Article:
Several Democrats seeking their party’s 2020 presidential nomination are calling for increasing the number of Supreme Court justices – set at nine under a law enacted in 1869 – to shift the court’s ideological balance leftward.
The scheme is worthy of President Franklin Delano Roosevelt, who attempted to pack the Supreme Court in 1937 with new justices who he believed would uphold the constitutionality of his New Deal policies.
Roosevelt suffered setbacks when the high court ruled that some New Deal legislation he had signed into law was unconstitutional, overturning the laws.
Since the Constitution does not set the number of Supreme Court justices, Roosevelt asked Congress to allow the president to appoint up to six additional justices – one new justice for each sitting justice over the age of 70.
FDR’s actions were widely criticized – even by members of his own party – and the idea ultimately died.
Now, however, leading Democratic presidential hopefuls – including former Rep. Beto O’Rourke of Texas and Sens. Elizabeth Warren of Massachusetts, Kirsten Gillibrand New York and Kamala Harris of California – are attempting to bring the court-packing proposal back to life.
These Democrats couch their support of court-packing as a means of “saving” the Supreme Court.
Warren brazenly claims “it’s about depoliticizing” the Supreme Court. Likewise, South Bend, Indiana Mayor Pete Buttigieg says that court-packing would prevent the high court from “being viewed as a nakedly political institution.”
While we can speculate on the motives for each of these candidates’ stance on the issue, one is more obvious than the others. Harris, who has deep ties to public employee unions, wants to pack the Supreme Court bench to overturn a landmark case that threatens to topple the political power unions have held for decades.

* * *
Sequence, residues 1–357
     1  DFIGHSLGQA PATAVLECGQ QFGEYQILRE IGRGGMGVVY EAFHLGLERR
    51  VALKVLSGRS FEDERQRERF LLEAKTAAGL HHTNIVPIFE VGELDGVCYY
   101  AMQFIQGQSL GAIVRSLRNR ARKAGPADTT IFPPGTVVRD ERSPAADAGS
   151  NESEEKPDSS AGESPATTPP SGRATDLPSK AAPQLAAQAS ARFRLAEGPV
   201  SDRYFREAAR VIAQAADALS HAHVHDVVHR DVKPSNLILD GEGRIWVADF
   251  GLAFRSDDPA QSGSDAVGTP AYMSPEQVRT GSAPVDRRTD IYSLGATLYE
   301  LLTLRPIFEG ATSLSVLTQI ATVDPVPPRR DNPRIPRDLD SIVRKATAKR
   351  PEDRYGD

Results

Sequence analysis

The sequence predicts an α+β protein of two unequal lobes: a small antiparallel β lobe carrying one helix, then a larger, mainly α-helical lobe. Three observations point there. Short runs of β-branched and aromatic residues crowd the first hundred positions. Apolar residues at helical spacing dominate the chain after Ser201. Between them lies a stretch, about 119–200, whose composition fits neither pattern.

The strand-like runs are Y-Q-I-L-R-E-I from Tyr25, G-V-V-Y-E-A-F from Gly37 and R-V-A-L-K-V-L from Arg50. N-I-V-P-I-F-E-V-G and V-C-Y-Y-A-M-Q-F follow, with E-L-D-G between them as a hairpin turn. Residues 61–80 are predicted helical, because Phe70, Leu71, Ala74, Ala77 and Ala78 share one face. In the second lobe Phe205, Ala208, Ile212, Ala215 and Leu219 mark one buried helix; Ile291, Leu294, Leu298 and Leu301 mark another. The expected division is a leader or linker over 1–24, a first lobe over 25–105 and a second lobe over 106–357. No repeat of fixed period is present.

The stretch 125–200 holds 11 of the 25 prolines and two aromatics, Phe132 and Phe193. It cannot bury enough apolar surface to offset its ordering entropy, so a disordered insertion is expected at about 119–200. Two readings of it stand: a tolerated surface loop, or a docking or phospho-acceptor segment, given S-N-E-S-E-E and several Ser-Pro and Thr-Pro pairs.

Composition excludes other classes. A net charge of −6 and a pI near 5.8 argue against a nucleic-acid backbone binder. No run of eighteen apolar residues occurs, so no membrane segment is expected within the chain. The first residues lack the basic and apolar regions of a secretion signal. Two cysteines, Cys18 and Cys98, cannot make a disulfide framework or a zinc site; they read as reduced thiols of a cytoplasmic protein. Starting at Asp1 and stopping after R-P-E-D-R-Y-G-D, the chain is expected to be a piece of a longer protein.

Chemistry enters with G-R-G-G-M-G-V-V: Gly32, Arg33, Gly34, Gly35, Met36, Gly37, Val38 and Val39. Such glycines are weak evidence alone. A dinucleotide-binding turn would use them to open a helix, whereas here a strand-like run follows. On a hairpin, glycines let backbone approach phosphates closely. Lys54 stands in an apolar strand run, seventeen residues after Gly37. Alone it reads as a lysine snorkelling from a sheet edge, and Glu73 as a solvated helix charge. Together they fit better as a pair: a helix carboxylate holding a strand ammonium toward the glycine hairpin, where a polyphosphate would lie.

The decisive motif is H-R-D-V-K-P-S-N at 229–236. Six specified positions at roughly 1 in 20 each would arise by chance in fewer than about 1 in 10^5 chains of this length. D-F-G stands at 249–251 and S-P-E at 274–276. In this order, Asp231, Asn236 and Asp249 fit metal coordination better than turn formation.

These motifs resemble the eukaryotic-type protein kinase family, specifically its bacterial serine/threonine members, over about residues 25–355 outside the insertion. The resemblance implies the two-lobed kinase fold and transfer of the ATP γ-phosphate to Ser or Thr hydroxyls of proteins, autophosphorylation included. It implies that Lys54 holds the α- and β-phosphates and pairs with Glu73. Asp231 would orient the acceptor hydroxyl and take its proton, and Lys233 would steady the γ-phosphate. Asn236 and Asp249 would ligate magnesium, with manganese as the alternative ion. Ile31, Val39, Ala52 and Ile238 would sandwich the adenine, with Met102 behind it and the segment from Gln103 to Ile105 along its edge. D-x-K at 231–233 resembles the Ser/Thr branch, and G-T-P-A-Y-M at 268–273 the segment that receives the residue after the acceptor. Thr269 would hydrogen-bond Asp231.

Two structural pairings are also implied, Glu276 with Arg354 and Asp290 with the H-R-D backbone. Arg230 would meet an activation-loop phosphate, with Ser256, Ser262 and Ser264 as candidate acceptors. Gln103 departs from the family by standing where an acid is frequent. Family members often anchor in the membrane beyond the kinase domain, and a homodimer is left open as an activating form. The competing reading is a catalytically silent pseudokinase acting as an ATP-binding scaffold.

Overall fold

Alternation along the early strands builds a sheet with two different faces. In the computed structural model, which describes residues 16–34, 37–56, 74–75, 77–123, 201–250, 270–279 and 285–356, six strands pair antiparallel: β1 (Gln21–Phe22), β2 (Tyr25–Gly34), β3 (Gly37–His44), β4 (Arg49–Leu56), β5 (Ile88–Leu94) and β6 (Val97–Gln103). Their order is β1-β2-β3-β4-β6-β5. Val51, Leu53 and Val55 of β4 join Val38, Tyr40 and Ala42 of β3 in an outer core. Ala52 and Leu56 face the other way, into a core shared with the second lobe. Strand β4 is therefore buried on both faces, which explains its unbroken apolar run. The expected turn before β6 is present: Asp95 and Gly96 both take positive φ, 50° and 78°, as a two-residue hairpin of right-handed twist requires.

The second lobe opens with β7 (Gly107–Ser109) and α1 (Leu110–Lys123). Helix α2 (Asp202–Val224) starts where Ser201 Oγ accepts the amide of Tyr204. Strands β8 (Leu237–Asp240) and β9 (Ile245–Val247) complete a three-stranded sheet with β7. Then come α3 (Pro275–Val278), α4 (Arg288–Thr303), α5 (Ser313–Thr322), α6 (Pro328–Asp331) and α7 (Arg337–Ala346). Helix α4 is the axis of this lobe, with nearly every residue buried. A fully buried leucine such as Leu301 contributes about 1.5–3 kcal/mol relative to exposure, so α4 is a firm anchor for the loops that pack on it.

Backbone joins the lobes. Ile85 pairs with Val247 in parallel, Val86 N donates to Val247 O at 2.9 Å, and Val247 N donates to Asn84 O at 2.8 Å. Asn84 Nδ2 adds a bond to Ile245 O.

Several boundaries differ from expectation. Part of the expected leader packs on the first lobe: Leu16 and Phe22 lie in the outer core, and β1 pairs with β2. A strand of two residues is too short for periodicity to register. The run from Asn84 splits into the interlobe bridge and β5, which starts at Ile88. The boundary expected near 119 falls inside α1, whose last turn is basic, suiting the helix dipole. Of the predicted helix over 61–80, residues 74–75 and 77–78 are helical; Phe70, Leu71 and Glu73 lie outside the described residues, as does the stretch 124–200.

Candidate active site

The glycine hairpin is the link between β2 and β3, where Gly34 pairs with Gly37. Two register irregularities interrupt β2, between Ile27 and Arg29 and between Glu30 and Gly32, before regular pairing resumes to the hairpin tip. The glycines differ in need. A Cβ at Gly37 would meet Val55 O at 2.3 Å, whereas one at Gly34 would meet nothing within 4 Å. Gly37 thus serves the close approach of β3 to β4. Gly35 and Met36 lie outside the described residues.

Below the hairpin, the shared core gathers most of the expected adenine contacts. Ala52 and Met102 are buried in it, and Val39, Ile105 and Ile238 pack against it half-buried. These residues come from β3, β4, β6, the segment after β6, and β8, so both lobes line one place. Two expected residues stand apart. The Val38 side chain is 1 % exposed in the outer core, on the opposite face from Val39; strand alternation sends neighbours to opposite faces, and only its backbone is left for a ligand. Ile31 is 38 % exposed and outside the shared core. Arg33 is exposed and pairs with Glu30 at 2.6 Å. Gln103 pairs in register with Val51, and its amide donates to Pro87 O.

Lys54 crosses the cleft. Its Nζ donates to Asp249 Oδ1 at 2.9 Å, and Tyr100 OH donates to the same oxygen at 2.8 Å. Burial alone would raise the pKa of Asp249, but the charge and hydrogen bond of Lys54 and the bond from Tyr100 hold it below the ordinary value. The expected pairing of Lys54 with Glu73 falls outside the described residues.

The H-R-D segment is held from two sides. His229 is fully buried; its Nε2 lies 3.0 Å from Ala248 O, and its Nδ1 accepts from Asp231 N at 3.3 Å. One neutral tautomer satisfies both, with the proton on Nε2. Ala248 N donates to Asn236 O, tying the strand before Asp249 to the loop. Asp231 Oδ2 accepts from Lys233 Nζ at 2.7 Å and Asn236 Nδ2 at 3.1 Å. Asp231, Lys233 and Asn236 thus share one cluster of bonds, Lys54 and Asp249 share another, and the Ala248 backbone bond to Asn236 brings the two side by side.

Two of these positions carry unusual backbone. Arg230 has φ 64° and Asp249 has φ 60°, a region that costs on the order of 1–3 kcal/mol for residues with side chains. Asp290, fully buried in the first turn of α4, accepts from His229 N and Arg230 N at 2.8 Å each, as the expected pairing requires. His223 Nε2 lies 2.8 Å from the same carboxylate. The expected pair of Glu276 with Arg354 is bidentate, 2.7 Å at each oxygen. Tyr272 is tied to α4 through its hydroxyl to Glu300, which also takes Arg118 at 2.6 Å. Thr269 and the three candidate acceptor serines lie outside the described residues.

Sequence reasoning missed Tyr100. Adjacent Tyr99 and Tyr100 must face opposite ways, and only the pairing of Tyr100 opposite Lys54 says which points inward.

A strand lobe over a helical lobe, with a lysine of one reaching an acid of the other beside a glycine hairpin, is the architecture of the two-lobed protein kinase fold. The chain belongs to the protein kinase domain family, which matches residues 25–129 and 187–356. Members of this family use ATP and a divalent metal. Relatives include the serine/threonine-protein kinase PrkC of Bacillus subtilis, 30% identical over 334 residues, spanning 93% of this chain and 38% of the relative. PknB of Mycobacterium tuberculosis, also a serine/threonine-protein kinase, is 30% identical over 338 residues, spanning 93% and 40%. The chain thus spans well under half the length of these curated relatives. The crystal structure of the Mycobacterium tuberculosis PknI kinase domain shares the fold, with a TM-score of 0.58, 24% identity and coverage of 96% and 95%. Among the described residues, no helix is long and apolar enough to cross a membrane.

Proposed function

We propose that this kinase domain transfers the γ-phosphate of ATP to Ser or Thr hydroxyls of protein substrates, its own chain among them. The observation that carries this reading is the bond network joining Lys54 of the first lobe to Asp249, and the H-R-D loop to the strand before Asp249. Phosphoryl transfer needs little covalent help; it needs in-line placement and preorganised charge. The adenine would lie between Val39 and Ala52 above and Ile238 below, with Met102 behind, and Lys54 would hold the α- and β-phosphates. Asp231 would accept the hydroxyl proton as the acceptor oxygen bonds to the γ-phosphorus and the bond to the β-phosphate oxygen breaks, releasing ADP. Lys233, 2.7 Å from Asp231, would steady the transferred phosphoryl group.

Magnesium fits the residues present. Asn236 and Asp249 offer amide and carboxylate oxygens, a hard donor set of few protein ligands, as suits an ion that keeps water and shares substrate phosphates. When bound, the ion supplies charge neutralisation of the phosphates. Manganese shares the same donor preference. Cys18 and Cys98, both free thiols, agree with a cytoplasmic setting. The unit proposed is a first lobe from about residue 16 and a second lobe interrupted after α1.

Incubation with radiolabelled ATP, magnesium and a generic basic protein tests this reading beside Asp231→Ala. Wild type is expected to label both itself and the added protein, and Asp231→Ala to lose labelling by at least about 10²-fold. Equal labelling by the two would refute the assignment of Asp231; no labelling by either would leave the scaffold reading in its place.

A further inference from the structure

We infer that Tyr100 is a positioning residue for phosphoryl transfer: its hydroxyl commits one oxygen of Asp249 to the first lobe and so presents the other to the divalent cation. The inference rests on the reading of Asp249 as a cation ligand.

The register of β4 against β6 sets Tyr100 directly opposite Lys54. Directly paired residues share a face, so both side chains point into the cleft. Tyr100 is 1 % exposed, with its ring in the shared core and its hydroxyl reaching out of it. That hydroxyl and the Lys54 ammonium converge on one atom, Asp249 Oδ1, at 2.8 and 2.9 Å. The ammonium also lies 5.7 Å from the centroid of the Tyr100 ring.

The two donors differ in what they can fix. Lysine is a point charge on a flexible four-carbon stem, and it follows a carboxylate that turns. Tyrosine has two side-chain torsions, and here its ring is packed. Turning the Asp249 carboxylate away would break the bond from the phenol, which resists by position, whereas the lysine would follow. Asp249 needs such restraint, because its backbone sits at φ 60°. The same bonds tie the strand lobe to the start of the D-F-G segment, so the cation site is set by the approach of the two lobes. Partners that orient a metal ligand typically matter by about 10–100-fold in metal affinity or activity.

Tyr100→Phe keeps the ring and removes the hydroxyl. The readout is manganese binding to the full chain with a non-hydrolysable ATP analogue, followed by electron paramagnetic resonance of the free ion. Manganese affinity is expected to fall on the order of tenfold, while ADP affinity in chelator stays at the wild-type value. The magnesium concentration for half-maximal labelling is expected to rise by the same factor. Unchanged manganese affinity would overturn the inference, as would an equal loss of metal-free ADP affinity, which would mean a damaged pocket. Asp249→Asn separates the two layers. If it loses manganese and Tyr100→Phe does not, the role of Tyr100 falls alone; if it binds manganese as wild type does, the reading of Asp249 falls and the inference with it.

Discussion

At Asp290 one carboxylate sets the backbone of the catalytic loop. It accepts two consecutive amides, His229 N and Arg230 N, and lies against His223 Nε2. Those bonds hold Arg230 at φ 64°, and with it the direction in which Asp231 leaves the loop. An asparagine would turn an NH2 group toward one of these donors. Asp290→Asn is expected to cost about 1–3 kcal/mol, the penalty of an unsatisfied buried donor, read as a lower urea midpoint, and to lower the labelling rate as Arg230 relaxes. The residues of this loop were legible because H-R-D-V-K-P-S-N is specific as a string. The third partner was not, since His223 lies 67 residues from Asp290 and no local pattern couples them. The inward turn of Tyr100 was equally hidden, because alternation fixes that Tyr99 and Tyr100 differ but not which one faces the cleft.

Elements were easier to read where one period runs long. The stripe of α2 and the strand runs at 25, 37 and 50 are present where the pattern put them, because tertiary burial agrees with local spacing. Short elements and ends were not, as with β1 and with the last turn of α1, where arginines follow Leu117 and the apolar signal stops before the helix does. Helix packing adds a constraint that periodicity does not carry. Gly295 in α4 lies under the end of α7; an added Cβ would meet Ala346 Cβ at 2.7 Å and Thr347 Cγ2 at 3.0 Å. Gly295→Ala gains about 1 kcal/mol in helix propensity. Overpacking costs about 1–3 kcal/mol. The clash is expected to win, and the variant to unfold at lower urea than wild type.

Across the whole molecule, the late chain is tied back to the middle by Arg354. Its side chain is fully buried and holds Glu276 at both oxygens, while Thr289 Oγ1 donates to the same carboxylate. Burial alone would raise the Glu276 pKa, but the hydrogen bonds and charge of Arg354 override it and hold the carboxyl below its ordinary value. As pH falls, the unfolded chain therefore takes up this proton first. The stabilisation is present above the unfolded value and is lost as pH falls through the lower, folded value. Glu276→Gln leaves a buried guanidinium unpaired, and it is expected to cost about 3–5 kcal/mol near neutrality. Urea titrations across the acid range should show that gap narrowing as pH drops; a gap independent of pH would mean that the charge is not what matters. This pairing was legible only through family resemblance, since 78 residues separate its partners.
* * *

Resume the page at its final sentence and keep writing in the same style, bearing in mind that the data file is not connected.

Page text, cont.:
Referring to court packing, Harris recently warned: “We are on the verge of a crisis of confidence in the Supreme Court. We have to take this challenge head on, and everything is on the table to do that.”
The list of cases that those on the left believe the Supreme Court has decided incorrectly – though not necessarily unconstitutionally, since their concern for the Constitution is roughly nil – is quite lengthy. Citizens United v. the Federal Election Commission, a case that protected free speech rights in the political system, would be in the crosshairs.
But even more pressing, from the point of view of those on the left, is the need to overturn the Janus v. AFSCME decision, in which the court ruled last summer that mandatory union dues or so-called “agency fees” were a violation of government employees’ First Amendment rights.
Almost before the ink was dry on the decision, government employees – with the help of organizations like the Freedom Foundation – began exercising their rights and leaving their unions, giving themselves more money in their paychecks.
On the West Coast alone, approximately 45,000 public employees have said farewell to their union.
Harris has long been an ally of labor unions in her home state of California.
Harris’s inner circle is intimately connected to the labor movement. In addition to taking hundreds of thousands of dollars from labor PACs during her relatively short political career, one of the senator’s top aides, Laphonza Butler, is the former president of the Service Employees International Union (SEIU).
Butler led California’s largest union for a decade, was the SEIU president when it endorsed Harris in her Senate bid, and now pulls her strings from the inside.
Butler said in a recent interview: “I had to choose how to best continue the work that I’ve been doing as an advocate for workers and a voice for workers – and working for Sen. Harris is a continuation of that.”
No doubt. How better to constantly remind Harris of her massive obligation to organized labor than by demanding a seat in her inner circle?
In fact, the investment is already paying dividends. Just this past weekend, Harris floated the idea of using federal funds to supplement the wages of unionized teachers who she characterized as underpaid.
There would certainly be many court cases that could be overturned or revisited if the left were able to seize control of the Supreme Court – but maybe none so quickly as the Janus ruling.
What unions want, the left gladly gives. And unions want nothing so much as to be rid of the decision in the Janus case.